Demographic information from the New York State Education Department shows some stark contrasts that match or actually amplify the census data. Scarsdale High School is 89% white or Asian while only 1% of the school is of Limited English Proficiency and there are so few economically disadvantaged students that the data is suppressed to prevent them (him? her?) from being personally identified. Mt. Vernon High School is 79% African American and 17% Hispanic, higher than the averages for the city overall. While only 4% of the school is LEP, 65% of the students in the school are economically disadvantaged, meaning their family qualifies for public assistance programs such as free and reduced price lunch. A family of four qualifies for reduced price lunch at 185% of the federal poverty level or $44,863.
The same NYSED web site reports school data on student graduation rates and on the Regents exam. (Yes, Ms. Brisbane, I am relying on a test-based comparison, using a long established EXIT examination used in the state of New York that predates the additional annual testing required by NCLB. I will admit that your hypothetical home owner or potential buyer would have some interest in how certain school performance markers compare in different communities — I am also pointing out that these markers already exist). In Scarsdale, graduation rates are essentially 100%, and the percentage of students who earned 75 or higher on the English Regents exam and scored 80 or higher on a math Regents examination was 81% in 2014; the state average was 38%. In Mt. Vernon, the 2014 graduation rate was 47%, down from 54% the prior year. In 2014, only 3% of the graduating cohort reached the English and math scores of 75 and 80 or higher, down from 8% the prior year. Interestingly, Scarsdale’s very small African American and Hispanic populations do not score as high as their white and Asian classmates on the Regents examination with only 60% of African American and 65% of Hispanic students reaching the “aspirational” levels.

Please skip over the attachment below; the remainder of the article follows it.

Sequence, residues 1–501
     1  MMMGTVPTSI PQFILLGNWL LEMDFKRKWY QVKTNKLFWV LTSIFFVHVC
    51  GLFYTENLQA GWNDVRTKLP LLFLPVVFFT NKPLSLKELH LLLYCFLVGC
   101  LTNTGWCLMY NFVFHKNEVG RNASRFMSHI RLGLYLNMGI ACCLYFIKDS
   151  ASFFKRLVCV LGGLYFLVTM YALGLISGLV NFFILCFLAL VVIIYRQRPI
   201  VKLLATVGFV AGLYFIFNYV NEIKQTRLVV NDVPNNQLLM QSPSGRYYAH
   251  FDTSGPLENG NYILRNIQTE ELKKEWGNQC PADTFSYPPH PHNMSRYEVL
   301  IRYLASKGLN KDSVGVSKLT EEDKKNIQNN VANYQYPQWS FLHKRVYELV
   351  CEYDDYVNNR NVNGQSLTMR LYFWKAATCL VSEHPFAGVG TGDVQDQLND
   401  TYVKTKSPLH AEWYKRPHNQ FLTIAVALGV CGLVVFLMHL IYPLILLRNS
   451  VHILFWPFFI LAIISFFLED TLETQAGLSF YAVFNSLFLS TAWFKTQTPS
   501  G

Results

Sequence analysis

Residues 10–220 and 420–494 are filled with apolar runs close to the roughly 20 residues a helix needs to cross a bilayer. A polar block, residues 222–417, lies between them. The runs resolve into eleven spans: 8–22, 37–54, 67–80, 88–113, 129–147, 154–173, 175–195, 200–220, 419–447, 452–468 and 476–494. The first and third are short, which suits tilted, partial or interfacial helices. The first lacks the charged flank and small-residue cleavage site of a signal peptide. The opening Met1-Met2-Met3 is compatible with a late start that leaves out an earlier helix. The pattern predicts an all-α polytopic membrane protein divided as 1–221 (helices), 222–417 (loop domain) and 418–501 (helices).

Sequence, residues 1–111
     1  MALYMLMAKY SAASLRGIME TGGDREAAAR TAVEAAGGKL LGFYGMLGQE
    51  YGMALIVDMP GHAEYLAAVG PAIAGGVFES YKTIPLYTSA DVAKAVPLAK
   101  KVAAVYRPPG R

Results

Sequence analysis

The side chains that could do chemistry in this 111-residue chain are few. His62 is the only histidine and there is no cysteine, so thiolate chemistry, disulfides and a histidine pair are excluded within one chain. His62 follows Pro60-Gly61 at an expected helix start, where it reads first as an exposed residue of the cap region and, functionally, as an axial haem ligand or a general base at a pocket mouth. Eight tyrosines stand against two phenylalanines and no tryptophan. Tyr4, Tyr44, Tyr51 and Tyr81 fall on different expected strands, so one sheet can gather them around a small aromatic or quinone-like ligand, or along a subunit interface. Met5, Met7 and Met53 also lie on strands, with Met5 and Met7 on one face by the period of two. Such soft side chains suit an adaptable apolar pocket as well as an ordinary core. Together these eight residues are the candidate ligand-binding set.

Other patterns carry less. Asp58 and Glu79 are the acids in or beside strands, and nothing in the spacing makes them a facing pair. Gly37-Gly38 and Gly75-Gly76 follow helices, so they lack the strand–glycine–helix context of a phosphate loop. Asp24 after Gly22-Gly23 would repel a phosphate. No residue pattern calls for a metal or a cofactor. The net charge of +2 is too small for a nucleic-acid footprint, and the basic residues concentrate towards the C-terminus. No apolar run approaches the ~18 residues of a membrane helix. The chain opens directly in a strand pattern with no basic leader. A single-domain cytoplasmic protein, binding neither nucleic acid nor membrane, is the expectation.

It is worth noting that I began by looking at the race and income characteristics of these communities, but since the negative impacts of poverty on educational outcomes is well known, the fact that Mt. Vernon has a school population that is much poorer than Scarsdale’s means the diminished graduation outcomes are not unexpected. In fact, it mirrors a national phenomenon that finds when there are greater concentrations of students in poverty, testable outcomes are much lower than in communities with few students in poverty.
This is where education reform advocates like to accuse their critics of fatalism and saying that there is “nothing we can do” to get better educational outcomes for children in impoverished communities. I will agree with the premise that geographic location and income level should not be seen as determinative, and the comparison between Scarsdale and Mt. Vernon should not be taken to mean the graduation rates and diminished achievement data in Mt. Vernon should be acceptable. However, the point of this blog is to demonstrate that there is quite a lot of data available with which one can compare Scarsdale and another community in Westchester County, and that such data has been available for many years before the Common Core aligned examinations came along. There is, in fact, very little that these tests will tell us in community by community comparison that we do not already know.
There is something that we do know, however, and it is something that Governor Cuomo continues to do far too little to address. Namely, the Mt. Vernon school district was shorted almost $2300 per student in state foundational school aid in the 2014-2015 school year. So while it is all nice and well that Ms. Brisbane and her bosses at BFERBDWPE want to be able to tell a tale of communities whose homes are made more valuable by student test scores, there is another tale they fail to acknowledge: that of schools populated with students in poverty whose budgets have been repeatedly starved.
Meanwhile, Ms. Brisbane’s Scarsdale parents can take comfort in the knowledge that six residents in the Class of 2013 alone got into Harvard University. They could have found that out without the Common Core tests too.